ALMA telescope spies a planetary system in process of being born
With amazing clarity, astronomers have spied a solar system in the act of being born.
At the center is HL Tau, an infant star that is believed to be no more than 1 million years old. It is surrounded by hazy, concentric rings of material that scientists say will coalesce into planets.
The remarkable image was captured by ALMA, the Atacama Large Millimeter/submillimeter Array. ALMA is a network of 66 radio telescopes in Chile’s Atacama desert that is a joint project of the U.S. National Science Foundation’s National Radio Astronomy Observatory (NRAO) and partners in Canada, Europe, Asia and Chile.
“The fact that we can see planets being born will help us understand not only how planets form around other stars but also the origin of our own solar system,” Crystal Brogan, an associate astronomer at NRAO’s headquarters in Charlottesville, Va., said in a statement.
Sitting more than 3 miles above sea level, the massive ALMA antennas don’t see visible light like we do. Instead, they capture longer wavelengths in the radio portion of the light spectrum.
That’s lucky for astronomers. In the visible light spectrum, HL Tau is blocked by a massive cloud of gas and dust.
The sun-like star lies in the constellation Taurus and is about 450 light years away. NRAO astronomers were pointing their antennas toward it as they were testing a new configuration designed to improve the observatory’s capabilities. (With the antennas spaced about 15 kilometers apart, they are able to see well enough to spot a penny that’s more than 110 kilometers away.)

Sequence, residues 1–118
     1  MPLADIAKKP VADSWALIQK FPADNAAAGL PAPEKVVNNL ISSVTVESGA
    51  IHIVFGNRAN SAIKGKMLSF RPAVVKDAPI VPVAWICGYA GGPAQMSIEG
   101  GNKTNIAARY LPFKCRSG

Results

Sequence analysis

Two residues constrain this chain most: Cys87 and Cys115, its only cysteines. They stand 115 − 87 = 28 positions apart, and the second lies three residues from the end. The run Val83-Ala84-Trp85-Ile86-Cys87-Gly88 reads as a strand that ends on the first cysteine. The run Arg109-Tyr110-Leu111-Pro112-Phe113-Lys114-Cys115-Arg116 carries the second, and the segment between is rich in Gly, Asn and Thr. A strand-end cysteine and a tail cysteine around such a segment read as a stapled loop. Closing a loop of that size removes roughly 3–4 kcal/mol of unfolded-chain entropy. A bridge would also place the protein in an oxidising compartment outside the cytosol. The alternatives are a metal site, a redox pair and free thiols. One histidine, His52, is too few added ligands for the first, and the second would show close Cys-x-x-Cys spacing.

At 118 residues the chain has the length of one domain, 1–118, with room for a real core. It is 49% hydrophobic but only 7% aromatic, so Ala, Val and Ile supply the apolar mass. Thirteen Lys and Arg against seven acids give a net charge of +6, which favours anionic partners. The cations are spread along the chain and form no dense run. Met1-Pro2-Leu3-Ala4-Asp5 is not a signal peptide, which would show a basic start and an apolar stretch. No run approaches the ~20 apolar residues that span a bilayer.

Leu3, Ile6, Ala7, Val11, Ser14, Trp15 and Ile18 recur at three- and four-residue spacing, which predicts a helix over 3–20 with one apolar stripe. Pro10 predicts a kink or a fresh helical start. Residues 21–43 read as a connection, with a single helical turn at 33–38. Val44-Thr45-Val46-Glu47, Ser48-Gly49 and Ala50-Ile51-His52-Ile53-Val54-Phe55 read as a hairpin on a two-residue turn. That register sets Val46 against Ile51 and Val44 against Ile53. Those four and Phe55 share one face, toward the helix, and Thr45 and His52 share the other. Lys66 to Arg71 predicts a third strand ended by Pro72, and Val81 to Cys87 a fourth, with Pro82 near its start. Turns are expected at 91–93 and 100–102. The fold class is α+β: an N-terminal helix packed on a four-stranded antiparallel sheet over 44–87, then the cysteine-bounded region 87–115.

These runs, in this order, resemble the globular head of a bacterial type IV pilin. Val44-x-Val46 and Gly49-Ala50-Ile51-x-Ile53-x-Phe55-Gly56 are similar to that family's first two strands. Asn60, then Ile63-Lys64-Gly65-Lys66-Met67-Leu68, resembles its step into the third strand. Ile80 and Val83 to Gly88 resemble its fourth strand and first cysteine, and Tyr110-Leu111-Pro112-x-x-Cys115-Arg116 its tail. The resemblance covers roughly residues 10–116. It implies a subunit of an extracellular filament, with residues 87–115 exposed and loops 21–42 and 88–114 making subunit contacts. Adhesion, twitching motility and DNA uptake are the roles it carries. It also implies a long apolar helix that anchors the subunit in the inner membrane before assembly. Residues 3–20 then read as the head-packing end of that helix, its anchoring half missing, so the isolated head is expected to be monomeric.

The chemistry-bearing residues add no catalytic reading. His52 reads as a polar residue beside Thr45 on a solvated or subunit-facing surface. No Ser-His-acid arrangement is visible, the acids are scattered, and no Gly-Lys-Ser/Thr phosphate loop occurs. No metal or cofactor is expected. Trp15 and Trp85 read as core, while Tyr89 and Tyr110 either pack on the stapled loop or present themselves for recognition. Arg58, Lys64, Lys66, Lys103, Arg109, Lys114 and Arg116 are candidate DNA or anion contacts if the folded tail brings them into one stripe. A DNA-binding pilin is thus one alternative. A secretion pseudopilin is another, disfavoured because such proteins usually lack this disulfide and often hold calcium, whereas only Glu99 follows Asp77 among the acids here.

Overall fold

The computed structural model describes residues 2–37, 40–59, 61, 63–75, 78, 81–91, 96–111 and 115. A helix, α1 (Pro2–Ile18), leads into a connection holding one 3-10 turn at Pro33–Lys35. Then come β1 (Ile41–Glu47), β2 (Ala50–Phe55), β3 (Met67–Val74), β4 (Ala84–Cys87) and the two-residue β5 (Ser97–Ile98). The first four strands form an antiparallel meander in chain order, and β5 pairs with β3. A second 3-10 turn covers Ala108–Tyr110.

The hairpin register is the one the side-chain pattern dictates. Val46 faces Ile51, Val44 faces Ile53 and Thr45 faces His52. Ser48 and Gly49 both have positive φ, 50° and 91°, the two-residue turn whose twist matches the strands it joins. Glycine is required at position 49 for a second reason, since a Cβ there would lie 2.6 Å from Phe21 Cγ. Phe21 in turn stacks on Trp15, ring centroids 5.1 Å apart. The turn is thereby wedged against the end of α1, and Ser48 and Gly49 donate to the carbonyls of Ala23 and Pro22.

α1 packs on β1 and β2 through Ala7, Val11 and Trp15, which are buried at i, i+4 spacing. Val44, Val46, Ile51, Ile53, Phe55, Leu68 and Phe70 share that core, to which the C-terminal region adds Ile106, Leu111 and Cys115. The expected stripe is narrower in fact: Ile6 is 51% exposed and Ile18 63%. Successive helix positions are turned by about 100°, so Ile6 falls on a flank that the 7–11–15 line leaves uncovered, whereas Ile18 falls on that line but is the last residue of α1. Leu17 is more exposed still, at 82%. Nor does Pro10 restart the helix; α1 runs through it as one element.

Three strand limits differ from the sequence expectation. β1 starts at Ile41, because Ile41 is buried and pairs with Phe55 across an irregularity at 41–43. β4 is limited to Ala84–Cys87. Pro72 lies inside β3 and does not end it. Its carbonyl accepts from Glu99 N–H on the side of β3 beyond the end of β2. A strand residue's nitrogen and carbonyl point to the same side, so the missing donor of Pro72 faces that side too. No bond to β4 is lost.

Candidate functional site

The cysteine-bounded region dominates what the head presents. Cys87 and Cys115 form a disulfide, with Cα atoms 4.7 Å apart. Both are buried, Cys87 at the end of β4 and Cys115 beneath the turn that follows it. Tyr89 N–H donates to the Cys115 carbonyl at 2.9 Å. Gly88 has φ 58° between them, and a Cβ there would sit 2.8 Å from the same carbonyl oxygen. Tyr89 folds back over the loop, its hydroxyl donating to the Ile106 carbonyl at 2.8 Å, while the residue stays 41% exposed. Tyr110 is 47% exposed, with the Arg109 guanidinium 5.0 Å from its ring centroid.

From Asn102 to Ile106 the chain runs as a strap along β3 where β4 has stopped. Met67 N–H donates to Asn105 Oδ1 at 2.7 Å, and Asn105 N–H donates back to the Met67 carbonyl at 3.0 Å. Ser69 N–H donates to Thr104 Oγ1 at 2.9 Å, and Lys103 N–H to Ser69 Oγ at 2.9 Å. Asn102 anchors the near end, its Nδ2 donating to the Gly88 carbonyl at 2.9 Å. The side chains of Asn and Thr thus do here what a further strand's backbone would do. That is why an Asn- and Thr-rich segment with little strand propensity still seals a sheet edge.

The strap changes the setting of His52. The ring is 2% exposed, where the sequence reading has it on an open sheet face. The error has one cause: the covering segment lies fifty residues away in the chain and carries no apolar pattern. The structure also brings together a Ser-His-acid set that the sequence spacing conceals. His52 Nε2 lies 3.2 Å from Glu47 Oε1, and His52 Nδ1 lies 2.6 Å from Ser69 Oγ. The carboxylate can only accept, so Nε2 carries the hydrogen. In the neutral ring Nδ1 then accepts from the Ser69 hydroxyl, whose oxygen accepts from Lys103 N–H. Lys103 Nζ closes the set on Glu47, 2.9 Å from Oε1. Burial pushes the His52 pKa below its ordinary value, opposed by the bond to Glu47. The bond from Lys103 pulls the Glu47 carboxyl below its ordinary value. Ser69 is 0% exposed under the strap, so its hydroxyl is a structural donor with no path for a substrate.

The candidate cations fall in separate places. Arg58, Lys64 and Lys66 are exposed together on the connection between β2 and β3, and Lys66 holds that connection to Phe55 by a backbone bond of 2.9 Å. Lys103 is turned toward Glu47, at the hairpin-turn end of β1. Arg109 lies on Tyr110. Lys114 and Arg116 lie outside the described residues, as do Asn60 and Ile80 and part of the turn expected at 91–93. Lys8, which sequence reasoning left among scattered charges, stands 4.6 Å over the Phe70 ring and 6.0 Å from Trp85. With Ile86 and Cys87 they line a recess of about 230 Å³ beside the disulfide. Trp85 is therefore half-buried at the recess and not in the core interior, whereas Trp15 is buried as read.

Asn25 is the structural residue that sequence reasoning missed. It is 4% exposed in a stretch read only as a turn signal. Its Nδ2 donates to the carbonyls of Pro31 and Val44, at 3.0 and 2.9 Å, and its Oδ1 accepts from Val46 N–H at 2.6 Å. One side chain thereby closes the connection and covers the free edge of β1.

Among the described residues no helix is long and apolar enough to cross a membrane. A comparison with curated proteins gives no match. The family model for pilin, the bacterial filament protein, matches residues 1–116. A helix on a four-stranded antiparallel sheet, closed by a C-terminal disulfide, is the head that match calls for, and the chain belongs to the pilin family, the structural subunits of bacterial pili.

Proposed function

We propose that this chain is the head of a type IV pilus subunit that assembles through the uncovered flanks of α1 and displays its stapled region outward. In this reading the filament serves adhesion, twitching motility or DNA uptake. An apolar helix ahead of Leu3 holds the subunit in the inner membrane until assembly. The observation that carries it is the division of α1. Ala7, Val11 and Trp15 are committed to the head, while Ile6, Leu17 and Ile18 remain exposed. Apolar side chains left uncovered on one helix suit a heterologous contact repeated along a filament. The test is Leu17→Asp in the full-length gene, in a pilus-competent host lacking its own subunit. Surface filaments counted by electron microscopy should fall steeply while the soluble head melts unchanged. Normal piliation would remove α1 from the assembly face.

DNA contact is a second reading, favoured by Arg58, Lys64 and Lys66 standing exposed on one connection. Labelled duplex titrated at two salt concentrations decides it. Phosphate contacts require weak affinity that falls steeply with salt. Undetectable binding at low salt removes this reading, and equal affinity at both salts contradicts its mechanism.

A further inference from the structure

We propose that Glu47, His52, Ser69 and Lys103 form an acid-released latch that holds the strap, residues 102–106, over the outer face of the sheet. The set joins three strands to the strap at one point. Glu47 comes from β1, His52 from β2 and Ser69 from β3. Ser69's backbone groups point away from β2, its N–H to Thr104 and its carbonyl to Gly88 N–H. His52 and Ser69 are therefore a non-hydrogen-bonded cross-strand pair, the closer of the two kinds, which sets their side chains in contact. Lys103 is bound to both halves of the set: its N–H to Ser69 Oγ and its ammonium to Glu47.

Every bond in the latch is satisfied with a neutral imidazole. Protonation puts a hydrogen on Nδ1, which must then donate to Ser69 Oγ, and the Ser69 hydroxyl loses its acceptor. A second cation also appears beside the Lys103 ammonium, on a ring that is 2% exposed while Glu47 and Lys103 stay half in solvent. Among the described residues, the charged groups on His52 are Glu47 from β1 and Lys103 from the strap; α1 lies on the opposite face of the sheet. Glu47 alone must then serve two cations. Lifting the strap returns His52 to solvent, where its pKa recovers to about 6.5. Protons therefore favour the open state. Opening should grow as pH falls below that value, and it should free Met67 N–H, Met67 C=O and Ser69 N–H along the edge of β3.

With the array trained on HL Tau, the telescopes got a clear shot of a protoplanetary disk. Such disks are made of dust and ice particles that over tens of millions of years combine into planets and other solar system denizens such as asteroids and comets.
In the new image, the clear gaps between the concentric rings of dust are a sign that the planet-forming process has begun, astronomers said. Until now, only computer models could produce images with this level of precision.
“The first time I saw this image I thought it was actually probably a simulation. It was just way too good,” NRAO Director Tony Beasley said in a video.
The scientists expressed surprise that the planet-forming process around HL Tau could be so far along since the star is so young. Nevertheless, the dark lanes between the concentric circles of bright orange matter are a sign that the proto-planets around the young star are already big enough to assemble dust and larger objects with the force of their own gravity.
“We see gaps in the radio emission in this disk that’s orbiting the star,” Beasley said. “Quite likely those gaps are being caused by planetesimals – young planets which are forming around the star.”
Someday, astronomers might be see these nascent proto-planets directly by observing the system at higher frequencies, he said.
If you’re a space cadet, follow me on Twitter @LATkarenkaplan and “like” Los Angeles Times Science & Health on Facebook.
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